The comparison is admittedly rather unfair; Giant is a practically perfect masterpiece few films can hope to compete with. But ParaNorman also calls to mind Chicken Little (2005), both in concept and in execution: Said Disney film centres around a weird kid who is ostracised by his town because of his claims that the sky is about to fall and whose father is disappointed in his lack of normalcy. Reconciliation with peers and dad follows only after it is revealed that the chicken was right all along. It is not a very good movie in part due to the really tired father/son dynamic and cliché-ridden, obvious plot. The pace is also far too frantic, most of the gags simply fall flat and the animation (Disney’s first try at full CGI) is lame.
ParaNorman‘s plot and character arc is quite similar: In addition to his Sixth-Sense powers, he starts to receive flashes from the past when the anniversary of the witch’s death draws near. It turns out that the witch really did have supernatural powers, and a curse put upon the town raises the dead from their graves, with Norman the only one to stop it. Neither the townspeople nor his parents believe him, naturally, and his father is especially adamant that he stop being so weird.
Like Chicken, the film has to contend with a certain familiarity regarding this particular type of plot, though at least here it’s tempered by the fact that many of the clichés that also occur in the movie are (often subverted) references to horror classics. It also has pacing problems: it lags in the first act and crams too much too quickly into the second. Additionally, its dialogue is often very on-the-nose, spelling out its anti-bullying, pro-forgiveness message several times with a complete lack of subtlety.
That’s unfortunate because the creators found an organic way to drive their message home that renders the Cliff’s Notes dialogue unnecessary: The way the past is echoed in the present makes very clear not only that it’s bad to judge and punish people just because they don’t seem to fit in, but also that it’s not very hard to fall into a collective us-vs.-them mindset and that judging “the mob” too quickly is also too easy. Also, bullying begets more bullying: sometimes, people break bad because that is how they are perceived by others, and victims can quickly turn into perpetrators. On a related note, it’s also neat that there’s a gay character in the movie who is a) not a model of tolerance himself and b) not defined by his sexuality.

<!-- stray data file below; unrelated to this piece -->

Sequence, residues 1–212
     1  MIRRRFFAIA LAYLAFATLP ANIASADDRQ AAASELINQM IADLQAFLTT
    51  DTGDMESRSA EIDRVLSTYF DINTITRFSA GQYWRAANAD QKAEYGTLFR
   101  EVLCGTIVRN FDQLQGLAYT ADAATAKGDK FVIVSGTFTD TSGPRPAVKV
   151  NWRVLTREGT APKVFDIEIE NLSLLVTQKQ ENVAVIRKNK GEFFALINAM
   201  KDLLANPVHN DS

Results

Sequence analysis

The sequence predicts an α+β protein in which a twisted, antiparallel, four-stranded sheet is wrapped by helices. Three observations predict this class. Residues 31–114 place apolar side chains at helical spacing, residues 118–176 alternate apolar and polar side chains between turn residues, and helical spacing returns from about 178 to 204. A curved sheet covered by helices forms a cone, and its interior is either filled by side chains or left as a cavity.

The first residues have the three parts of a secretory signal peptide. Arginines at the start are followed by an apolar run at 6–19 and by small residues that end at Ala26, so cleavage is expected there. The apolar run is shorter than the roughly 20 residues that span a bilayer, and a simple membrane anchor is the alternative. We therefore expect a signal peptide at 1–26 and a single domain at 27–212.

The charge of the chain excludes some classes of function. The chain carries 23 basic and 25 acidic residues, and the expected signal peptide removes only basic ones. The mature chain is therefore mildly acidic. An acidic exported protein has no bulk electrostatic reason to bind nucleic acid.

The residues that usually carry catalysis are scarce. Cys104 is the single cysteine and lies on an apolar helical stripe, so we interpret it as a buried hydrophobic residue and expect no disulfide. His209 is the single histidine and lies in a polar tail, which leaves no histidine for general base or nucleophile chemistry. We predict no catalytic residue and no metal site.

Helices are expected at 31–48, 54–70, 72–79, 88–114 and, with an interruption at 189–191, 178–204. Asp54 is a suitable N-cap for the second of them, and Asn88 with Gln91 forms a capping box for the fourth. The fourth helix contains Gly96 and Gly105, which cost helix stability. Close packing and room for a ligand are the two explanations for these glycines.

I imagine the filmmakers wanted there to be no confusion on the part of children in the audience, but a non-verbal clarification would have been less jarring (perhaps a small subplot involving Norman and Alvin, his main bully in school, neither of whom really change during the movie).
Another aspect in which the film slightly misses its target is cohesion. Tonally, it’s all over the place: from family drama to horror film parody to broad humour to straight horror and back again. The different tones never quite manage to mesh successfully, which leads to some jokes landing with a thud and some ostensibly serious moments lacking the desired gravitas. Now, on the whole, the film does manage to entertain, and there are both genuinely creepy moments as well as some very funny gags (often visual or physical). I just wish the integration would have worked better. (That said, the funniest sustained scene is also clearly the most transgressive, and that’s saying something in a movie full of dead people.)
Plot-wise, there are enough twists to keep the film from feeling too formulaic. But it’s a little weird that a kid who can ask ghosts for advice (which, it has been established, are everywhere in town) doesn’t really make use of that talent after the first act and has to figure out on his own how to stop the apparent zombie onslaught.
The animation is technically masterful, though there was some “cheating” involved. On occasion, there seems to be a slight disconnect between facial movement, body movement and the voices, and I wonder if that’s a result of CG animating and colour-printing so many mouth shapes for the puppets. It’s like I expect the match-up to not be exact, and with every other part of the body it isn’t, but the mouths are much closer, and then that’s weirdly distracting. Some elements are also completely computer-animated (like many effects and most of the floating ghosts), and while you often can’t tell from the animation itself, that’s a sign of a different problem: it looks almost too smooth, too perfect. One might ask what the point of stop-motion is when you already use computers to touch up practically every shot and have to animate mouths separately anyway. On the other hand, in many scenes you really do feel the realness of the puppets and props. I found this especially true when the characters were not (significantly) in motion. It adds weight to what the characters are doing on screen and in a subconscious way I think it makes the on-their-face unappealing character designs more palatable.
In the end, Paranorman isn’t anywhere close to The Iron Giant; it has too many faults and not enough ambition (for instance, the creators seem to have nothing to say about loss and grief despite some of the dead being from Norman’s family). But it’s also much better than Chicken Little despite telling a somewhat similar story within the confines of a horror comedy instead of a science-fiction comedy. I’m looking forward to Laika’s third feature to see if they’ll go three for three.